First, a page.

However, there still remains the problem of a general list of subject fields that cover all subjects, both academic and popular, with enough detail to be useful. A number of listings and approaches were attempted, also, but none were felt to be particularly useful, especially as quite often there was an obvious academic bias.

The problem was discussed with the other participants in the eLib Collection Description scheme and also with the other clump projects, who suggested different solutions. A consensus has emerged that the solution offering the most promise is the subject headings that the BUBL Link database [10] has created. This list was originally based on Dewey and Library of Congress classifications but has been adjusted over several years to UK requirements. The BUBL scheme has roughly 170 main subject headings, all mapped to Dewey classes, and in addition has around 1400 narrower terms.

Further development is being proposed through funding for a project called HILT (High Level Thesaurus) under the Research Support for Libraries Programme [11], and led by Dennis Nicholson of Strathclyde University.

In the meantime, Agora and RIDING decided to adopt a pragmatic solution -- using a simple scheme with a limited number of broad subjects. It is based on the M25 and Research Assessment Exercise list of subject terms.

In turning to the implementation of CLDs, it should be noted that any comments from Agora will be very preliminary as the results of Release 1 user case studies have not yet been seen; these will be published in Autumn 2000. For example, it is not clear as yet whether CLDs are used more as search tools to identify collections or as metadata to simply describe collections. However, there are some issues that have already arisen which are either new, or reflect the issues identified in the "theoretical" development of CLDs.

Agora has found that the lack of controlled vocabulary has been both less, and more, of a problem than first anticipated. Less, in that most Library Associates within the Project had chosen to use the values that were already in the system, and more, in that there has been little or no development within the Project of any theoretical underpinning for a controlled vocabulary. As noted above, the initial values entered into the Agora system were to facilitate compliance testing and were not in any way an attempt at a comprehensive or cohesive set of controlled language terms. Further work with Release 2 of the Agora HLMS hopes to address this issue.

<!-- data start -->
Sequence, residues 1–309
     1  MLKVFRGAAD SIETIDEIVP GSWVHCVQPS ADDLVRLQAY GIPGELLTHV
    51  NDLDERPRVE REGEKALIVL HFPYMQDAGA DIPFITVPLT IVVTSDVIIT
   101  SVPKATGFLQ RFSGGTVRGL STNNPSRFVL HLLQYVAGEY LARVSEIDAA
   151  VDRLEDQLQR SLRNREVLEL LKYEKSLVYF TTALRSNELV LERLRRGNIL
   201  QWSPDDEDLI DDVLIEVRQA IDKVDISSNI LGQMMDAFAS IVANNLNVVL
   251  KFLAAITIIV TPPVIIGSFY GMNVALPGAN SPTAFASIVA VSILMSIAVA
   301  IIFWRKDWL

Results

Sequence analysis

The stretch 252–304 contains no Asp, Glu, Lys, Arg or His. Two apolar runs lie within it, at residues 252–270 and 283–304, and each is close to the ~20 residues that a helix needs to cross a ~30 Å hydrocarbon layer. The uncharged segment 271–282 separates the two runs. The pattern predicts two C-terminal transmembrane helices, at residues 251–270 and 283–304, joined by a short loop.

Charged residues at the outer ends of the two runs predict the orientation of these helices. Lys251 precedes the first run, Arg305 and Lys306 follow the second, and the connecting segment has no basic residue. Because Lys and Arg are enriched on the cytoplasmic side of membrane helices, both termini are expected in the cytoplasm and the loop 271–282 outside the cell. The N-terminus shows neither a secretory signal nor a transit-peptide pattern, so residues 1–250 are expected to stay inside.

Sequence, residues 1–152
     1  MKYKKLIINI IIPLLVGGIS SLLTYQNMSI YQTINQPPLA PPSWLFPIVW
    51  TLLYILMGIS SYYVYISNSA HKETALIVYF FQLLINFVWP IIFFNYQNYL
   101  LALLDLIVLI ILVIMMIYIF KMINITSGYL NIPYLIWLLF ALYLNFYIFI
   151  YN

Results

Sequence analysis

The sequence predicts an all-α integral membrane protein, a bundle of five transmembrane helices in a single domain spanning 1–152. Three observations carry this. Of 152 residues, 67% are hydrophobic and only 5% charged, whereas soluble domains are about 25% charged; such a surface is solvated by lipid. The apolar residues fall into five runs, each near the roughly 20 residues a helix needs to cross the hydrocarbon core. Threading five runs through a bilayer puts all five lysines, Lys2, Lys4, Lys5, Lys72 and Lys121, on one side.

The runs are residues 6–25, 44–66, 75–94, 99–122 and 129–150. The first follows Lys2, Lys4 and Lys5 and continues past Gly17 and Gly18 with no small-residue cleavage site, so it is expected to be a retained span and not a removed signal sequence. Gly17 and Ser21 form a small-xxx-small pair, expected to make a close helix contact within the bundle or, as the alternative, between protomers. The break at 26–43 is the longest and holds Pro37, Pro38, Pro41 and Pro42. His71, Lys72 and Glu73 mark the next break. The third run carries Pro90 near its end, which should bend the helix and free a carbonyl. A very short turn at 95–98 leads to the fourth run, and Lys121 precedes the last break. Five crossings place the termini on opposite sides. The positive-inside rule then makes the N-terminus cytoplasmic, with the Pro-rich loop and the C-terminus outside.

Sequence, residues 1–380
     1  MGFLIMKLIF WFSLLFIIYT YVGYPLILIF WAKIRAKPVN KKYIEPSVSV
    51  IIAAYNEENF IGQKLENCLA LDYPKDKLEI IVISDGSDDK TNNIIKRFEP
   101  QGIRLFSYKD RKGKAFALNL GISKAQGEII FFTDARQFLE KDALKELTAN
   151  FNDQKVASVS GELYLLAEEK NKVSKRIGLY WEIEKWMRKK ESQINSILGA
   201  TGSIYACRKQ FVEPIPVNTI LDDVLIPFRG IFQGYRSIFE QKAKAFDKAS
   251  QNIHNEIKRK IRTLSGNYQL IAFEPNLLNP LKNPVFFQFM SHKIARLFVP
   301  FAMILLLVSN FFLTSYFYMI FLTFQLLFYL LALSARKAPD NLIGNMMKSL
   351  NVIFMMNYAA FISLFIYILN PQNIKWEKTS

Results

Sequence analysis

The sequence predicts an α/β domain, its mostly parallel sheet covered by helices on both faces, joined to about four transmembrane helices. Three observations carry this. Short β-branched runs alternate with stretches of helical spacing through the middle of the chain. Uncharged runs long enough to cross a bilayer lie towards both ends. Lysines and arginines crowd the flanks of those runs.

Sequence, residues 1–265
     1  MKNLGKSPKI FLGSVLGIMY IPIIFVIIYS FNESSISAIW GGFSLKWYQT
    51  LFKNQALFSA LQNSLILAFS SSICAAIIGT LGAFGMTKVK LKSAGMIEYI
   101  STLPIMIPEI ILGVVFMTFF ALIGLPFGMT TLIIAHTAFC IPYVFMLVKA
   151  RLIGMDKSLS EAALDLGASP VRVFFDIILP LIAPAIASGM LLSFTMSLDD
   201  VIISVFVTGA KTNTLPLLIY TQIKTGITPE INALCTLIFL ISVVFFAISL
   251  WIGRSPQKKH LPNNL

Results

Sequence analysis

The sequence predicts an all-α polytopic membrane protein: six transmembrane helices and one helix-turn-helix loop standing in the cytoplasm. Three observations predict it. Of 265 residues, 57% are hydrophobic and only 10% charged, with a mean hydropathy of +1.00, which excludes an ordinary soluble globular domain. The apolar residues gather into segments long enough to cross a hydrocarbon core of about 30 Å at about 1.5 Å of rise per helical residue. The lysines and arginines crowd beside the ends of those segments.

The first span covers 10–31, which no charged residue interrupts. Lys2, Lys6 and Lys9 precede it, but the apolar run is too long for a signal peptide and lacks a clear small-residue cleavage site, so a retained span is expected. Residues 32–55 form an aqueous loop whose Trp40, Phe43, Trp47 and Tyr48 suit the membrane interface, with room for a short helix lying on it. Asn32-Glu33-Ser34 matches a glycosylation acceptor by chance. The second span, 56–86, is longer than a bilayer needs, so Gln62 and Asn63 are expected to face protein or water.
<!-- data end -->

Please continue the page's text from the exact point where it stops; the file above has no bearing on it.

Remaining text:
Another issue is the possibility of different interpretations of any schema, not simply that used in Agora. This becomes an issue where suppliers are asked to provide CLDs and may well have a different interpretation of the components of the schema than the system administrator, or from each other. Clear content guidelines need to be absorbed by the suppliers and agreements have to be made between the system host and supplier as to the responsibility and authority for any changes to CLD data. Because of the low response rate from suppliers, the extent of this problem and the consequent issue of editing of CLD data have yet to be fully explored.

Another, albeit lesser, issue has been the use of the eLib Working Group schema itself. The Project itself is aware that development of CLDs may well be moving in another direction theoretically but given the necessity of "freezing" a version of CLD schemas for development and evaluation, Agora (Release 1) and RIDING do not necessarily reflect the most recent thinking in this area. The incorporation of CLDs within any HLMS in an operational sense will require some stability in the state of the schema and values within the schema.


The experience of both RIDING and Agora have shown that the use of CLDs is useful and desirable but that, as with any new scheme of metadata, there are still many issues to resolve, both in terms of the development of the CLDs themselves and in their implementation in "real-life" situations. Use of controlled language, gaining commitment to a common schema, definition of "collection" and its component parts all need to be addressed within the context of the development of CLDs. The Release 2 phase of the Agora project will look at issues of implementation and use of CLDs, and hopefully spur further research by other projects or institutions in this area.


[1] Report of the Group on a National/Regional Strategy for Library Provision for Researchers, HEFCE, 1995; <>

[2] The RIDING Gateway: <>

[3] UKOLN - UK Office for Library & Information Networking is funded by Resource : The Council for Museums, Archives & Libraries (the organization succeeding the Library and Information Commission, the Joint Information Systems Committee (JISC) and the European Union. UKOLN also receives support from the University of Bath where it is based. <>

[4] Dublin Core website: <>

[5] GILS (Global Information Locator Service):<>

[6] ISAD (G) (General International Standard Archival Description): <>

[7] (UKOLN Collection Description Working Group: Work in progress - <>

[8] The Agora Project website: <>

[9] MODELS website: <>

[10] BUBL Link database: <>

[11] Research Support for Libraries Programme: <>


Appendix A: elib Collection Description Scheme July 1999

Appendix B: Controlled Lists for Use with the eLib Collection Description

Copyright© 2000 Dr. E.V. Brack, David Palmer, and Bridget Robinson

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DOI: 10.1045/september2000-brack